Through it all, faith has had an important role in Sara and her family’s life. Being highly involved in their faith community at Restoration Church, Sara began volunteering to provide lunch to high school students in need. More than ever, Sara knew she wanted to pursue work that had purpose and where she would make a difference for others. After serving in various roles for the

organization, Sara became the church finance manager.

 

“I love working there,” Sara said. “It was an easy hand-off – I’d much rather feel like a good mom and have a fulfilling job than make a lot of money.”

 

Knowing homeownership remained a goal, Pastor Randy Raver shared information about Habitat for Humanity’s Homeownership Program and encouraged Sara to apply. During her time with Restoration Church, Sara has seen many people in need and struggled to think that a program like this could be available for her family.

 

“I know there’s such a need for affordable housing in Casper,” she said. “I didn’t want to take something from someone else. It’s just amazing there are programs like Habitat.”

 

With a new perspective, Sara decided to apply and has since become a future homeowner in the Harris Crossing subdivision.

 

 “We make home wherever we are, but this is where we can plant roots.”

moravetz Family

In 2012, Samantha Moravetz’s life changed forever. She was in a car accident that required hospitalization. Without health
insurance, Samantha was overwhelmed with the bills that followed. Samantha, 33, said her desire to become a Habitat for
Humanity homeowner was her motivation for becoming debt-free.

 

Growing up, Samantha recalls her family frequently moving, oftentimes into a trailer or apartment. That is not the life she
wants for her 7-year-old son Eddie.

 

“I want Eddie to feel he has a place to come home to and to grow up in,” Samantha explained. “I know a lot of people who
don’t have that.”

 

Motivated by a better life for her family, Samantha resolutely began the slow process of addressing her debt and becoming
financially stable. Starting in July 2018, she began applying for Habitat for Humanity’s Homeownership Program. It was not
until her fifth application that she was accepted.

 

“I wanted the Selection Committee to see how committed I am to the Homeownership Program and to being debt-free,” she said. “I don’t want to depend on anyone for the rest of my life. I achieved where I am through hard work.”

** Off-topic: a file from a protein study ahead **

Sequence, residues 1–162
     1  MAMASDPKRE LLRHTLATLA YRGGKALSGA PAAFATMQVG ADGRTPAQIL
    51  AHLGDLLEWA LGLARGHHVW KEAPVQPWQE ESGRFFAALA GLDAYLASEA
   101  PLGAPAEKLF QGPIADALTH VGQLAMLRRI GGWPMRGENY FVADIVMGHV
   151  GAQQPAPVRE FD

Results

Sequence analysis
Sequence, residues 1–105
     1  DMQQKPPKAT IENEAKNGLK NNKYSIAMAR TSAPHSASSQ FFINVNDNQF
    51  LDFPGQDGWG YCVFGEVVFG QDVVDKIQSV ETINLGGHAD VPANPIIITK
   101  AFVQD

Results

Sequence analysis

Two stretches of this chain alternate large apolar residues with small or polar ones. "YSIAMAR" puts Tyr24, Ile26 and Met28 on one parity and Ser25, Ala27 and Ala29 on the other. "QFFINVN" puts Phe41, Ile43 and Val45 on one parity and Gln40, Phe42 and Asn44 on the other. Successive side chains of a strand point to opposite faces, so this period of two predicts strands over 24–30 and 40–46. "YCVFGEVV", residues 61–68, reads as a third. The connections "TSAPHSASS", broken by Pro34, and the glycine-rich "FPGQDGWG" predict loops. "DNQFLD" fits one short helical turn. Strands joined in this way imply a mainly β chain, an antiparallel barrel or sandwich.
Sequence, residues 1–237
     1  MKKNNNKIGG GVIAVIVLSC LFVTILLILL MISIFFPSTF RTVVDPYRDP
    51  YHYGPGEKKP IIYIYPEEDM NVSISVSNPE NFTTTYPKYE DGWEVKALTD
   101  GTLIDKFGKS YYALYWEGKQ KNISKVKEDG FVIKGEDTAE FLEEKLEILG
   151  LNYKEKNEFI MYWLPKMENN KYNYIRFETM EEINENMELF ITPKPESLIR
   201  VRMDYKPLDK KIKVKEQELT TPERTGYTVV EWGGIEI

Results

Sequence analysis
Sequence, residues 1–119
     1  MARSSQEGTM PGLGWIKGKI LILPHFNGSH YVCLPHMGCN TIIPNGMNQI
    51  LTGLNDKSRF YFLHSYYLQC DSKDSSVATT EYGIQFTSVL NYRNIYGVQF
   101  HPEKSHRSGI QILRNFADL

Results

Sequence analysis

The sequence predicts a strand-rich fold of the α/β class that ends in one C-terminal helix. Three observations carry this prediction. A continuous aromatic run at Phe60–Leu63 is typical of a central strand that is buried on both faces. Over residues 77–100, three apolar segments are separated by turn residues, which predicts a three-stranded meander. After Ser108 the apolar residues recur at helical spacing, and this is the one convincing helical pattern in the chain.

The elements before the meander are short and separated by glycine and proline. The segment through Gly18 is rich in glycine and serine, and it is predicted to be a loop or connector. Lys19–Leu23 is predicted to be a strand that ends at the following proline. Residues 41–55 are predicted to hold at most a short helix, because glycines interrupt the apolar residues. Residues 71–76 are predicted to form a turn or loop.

Today, Samantha is no longer focused on the next application cycle, but instead, she is ready to begin building her own home.
 

After many years of living in public housing, Samantha is looking forward to the security of owning her own home and the
space it will provide Eddie. Purchasing her own home will mean the simple joy of having something that is entirely her own.

 

“I’ve never owned anything except a car,” Samantha said. “I want to be able to say, ‘I have this, and I’m never going to move
again.’

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Nekut Family

With no construction experience to speak of, Elicia Nekut, 25, is excited to build her own home for herself and her daughter Emmi, 7.
 

“When people come to visit my home, I can say ‘I built this,’” Elicia said. “I have never built anything, but I think building my own

home will make me value it more.”
 

Elicia has been a sales representative with 307 Metal Works for more than three years. She enjoys her job, but had her hours
reduced earlier this year as a result of the pandemic. After applying to the Homeownership Program in January 2020, Elicia was

not sure if she wanted to try again. It was her mother that encouraged her to do so.

Elicia has been living in affordable housing for six years, but does not feel like her apartment is truly her home. Her daughter, who loves the outdoors, has not had a place to play outside due to safety concerns. Consequently, Elicia and Emmi spend much of their time at her parents’ home.
 

By becoming a homeowner, Elicia will be able to host company in the future and invite her extended family to her own home. More importantly, Elicia wants to provide safety and stability for her daughter.
 

“I want somewhere she can grow up, and where I can start a new chapter as a mom,”
Elicia said. While her daughter may not fully understand how homeownership will change their lives, Elicia is eager to free herself from the restrictions that come with living in an apartment building.

 

“I’m looking forward to closing day and moving in,” she said. “I want my own home.”

Completed Construction